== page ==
Adrenal Cortical Adenoma Developed in Adrenohepatic Fusion, a Mimicry of Hepatocellular Carcinoma - A Case Report -

Sun A Kim, Young-Joo Lee, Kyoung Won Kim, Gyungyub Gong
2011 The Korean Journal of Pathology  
Adrenohepatic fusion is characterized by the presence of a fragmented capsule or complete absence of capsular elements, allowing admixture of the parenchyma of the liver and adrenal gland. 1 The pathogenesis of adrenohepatic fusion could be either a developmental defect in formation of the periadrenal capsule, 2 or an acquired capsular defect from unknown causes. This is not an uncommon anatomic condition according to a large autopsy study. 3 However, an adrenal cortical adenoma in
more » ... oma in adrenohepatic fusion tissue has been encountered rarely and there are only a few reports that describe its clinicopathologic features. 4 Awareness of intrahepatic adrenocortical adenoma is important because radiologically and pathologically, it mimics hepatocellular carcinoma. Here we report a case of intrahepatic adrenal cortical adenoma arising in adrenohepatic fusion tissue, and we discuss its clinical implications. CASE REPORT A 59-year-old man was referred to our institute due to a hepatic mass discovered by computed tomography (CT) at an outside hospital during his regular medical check-up. He was pre-viously healthy without any symptoms. Laboratory investigations were unremarkable. Hepatitis B virus antigen and antihepatitis C virus antibody were all negative. The alpha-fetoprotein level (3.9 ng/mL) was within normal limits (normal value <20 ng/mL). Serum hormone levels were not checked because he had no hormone-related symptoms. Transabdominal ultrasonography revealed a bulging, low echoic mass at the posterior segment of the right hepatic lobe. On abdominal multiphasic dynamic CT with contrast enhancement, the mass showed slight hyperattenuation during arterial phase (Fig. 1A) and early washout during portal phase (Fig. 1B) . Based on this dynamic enhancement pattern, hepatocellular carcinoma was the primary suspect. Ultrasonography-guided needle biopsy of the mass followed. Polygonal cells with a clear microvesicular cytoplasm and a trabecular growth pattern suggested the diagnosis of a clear cell variant of hepatocellular carcinoma. The patient underwent right posterior segmentectomy of the liver. During the operation, the right adrenal gland was found to be adherent to the mass and the adjacent liver. Therefore, a part of the right adrenal gland was excised with the hepatic segment because it could not be separated from the liver by blunt dissection. The resected hepatic segment exhibited a well-de-Adrenohepatic fusion is the union of the liver and adrenal gland with close intermingling of their respective parenchymal cells. Adrenal cortical adenoma arising in adrenohepatic fusion tissue is extremely rare, although adrenohepatic fusion itself is relatively common. Here we report a case of a 59-year-old man with a mass in the right lobe of his liver. The mass showed slight hyperattenuation during arterial phase and hypoattenuation during portal phase on dynamic computed tomography with contrast enhancement. On pathology, the mass consisted of round to polygonal cells with clear microvesicular or eosinophilic cytoplasm, arranged in nests or in a trabecular pattern. The tumor cells were positive for inhibin and melan-A, but negative for Hep Par-1. In the periphery of the mass, adrenohepatic fusion was identified between the liver and adrenal gland, and was simultaneously resected with the mass. We report this rare case, and discuss its clinical implications, especially the differential diagnosis with hepatocellular carcinoma.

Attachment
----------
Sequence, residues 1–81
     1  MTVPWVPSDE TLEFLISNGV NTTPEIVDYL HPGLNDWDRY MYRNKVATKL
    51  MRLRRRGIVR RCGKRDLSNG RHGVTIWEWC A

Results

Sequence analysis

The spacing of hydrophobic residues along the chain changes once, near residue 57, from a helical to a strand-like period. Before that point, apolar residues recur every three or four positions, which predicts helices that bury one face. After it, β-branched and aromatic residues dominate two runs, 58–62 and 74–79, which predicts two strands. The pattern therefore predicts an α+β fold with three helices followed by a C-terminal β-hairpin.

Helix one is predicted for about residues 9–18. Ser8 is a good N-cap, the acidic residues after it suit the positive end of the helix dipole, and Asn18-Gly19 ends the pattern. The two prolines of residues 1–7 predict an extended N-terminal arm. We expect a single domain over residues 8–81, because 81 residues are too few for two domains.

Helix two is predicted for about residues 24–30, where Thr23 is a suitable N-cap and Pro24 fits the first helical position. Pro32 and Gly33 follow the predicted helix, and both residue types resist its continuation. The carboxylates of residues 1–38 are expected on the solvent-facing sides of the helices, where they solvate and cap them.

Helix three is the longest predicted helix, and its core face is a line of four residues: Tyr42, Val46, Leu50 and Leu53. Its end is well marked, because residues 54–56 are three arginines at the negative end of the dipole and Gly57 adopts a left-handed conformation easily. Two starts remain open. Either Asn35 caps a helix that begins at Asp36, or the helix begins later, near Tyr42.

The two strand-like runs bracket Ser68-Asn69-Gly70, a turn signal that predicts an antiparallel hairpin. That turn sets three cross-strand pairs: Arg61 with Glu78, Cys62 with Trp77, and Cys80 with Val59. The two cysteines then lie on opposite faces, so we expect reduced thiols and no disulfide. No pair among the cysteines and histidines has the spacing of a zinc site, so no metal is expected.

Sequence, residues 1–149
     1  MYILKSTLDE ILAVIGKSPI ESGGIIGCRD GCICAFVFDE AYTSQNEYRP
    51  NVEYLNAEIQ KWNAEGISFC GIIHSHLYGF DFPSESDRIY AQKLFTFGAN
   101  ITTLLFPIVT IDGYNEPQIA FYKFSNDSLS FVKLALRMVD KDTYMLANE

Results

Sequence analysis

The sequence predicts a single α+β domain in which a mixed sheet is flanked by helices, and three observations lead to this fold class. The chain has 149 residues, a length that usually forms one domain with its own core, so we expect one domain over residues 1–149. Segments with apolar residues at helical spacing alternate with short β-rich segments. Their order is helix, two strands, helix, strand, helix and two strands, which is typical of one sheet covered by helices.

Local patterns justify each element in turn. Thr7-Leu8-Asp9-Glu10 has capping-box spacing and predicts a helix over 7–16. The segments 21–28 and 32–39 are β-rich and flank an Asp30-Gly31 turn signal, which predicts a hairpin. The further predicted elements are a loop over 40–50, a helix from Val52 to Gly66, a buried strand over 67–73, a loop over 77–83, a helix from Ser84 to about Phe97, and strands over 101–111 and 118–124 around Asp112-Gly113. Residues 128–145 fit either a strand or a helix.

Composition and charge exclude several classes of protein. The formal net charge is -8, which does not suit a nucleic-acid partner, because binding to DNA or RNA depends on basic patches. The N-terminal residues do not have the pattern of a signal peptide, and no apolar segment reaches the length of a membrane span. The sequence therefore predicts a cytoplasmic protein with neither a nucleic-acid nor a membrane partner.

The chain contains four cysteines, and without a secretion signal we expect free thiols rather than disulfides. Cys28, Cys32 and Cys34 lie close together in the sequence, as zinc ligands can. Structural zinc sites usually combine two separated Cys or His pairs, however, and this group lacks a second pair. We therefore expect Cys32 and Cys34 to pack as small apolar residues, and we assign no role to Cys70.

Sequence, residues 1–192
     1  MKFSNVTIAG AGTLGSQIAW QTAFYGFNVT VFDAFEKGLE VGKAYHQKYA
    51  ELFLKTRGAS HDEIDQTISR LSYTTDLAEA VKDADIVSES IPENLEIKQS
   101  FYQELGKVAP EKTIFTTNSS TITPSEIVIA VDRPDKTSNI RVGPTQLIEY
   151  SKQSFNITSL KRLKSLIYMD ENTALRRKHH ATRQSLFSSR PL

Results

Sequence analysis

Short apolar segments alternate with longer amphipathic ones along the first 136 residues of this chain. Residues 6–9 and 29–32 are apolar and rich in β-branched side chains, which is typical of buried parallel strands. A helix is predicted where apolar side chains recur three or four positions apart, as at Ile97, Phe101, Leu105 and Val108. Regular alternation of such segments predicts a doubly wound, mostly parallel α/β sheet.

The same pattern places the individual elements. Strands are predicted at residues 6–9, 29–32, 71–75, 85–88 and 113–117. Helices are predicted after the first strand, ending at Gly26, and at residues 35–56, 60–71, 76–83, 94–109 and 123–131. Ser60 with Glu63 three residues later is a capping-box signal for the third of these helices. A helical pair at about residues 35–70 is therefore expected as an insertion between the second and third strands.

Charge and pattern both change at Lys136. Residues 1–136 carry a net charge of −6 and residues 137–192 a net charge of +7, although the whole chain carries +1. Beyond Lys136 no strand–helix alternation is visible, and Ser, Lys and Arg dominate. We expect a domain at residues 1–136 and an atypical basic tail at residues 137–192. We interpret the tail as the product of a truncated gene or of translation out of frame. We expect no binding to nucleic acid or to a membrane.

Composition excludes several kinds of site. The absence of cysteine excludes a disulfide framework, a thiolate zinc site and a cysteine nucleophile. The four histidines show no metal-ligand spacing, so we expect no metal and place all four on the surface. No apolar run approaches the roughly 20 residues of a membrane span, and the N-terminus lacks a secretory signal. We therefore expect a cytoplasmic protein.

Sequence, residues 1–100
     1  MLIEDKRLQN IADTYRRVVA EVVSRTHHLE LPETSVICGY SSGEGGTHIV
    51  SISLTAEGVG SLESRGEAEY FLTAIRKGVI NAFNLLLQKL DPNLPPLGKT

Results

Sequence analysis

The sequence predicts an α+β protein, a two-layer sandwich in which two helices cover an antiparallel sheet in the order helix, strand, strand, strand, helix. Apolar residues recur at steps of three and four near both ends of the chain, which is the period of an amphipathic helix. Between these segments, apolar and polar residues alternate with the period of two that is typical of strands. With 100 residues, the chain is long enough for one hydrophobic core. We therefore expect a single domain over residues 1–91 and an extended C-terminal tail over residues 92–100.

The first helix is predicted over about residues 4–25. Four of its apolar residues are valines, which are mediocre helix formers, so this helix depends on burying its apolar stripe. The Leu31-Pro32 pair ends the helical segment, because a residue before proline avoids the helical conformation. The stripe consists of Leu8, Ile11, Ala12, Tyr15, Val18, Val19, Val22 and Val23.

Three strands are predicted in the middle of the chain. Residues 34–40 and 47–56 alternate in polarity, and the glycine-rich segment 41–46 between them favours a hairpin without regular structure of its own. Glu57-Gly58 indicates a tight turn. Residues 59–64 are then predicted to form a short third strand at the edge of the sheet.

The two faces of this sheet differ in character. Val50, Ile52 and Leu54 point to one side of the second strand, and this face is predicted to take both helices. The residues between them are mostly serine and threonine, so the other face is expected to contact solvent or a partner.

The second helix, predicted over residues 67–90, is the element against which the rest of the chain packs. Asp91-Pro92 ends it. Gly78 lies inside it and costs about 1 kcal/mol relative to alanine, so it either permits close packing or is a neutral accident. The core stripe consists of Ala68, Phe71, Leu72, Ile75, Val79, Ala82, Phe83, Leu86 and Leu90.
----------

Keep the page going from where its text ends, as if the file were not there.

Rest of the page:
doi:10.4132/koreanjpathol.2011.45.2.196 fatcat:pyfixnc3oveg5p2r3gqvxzocfm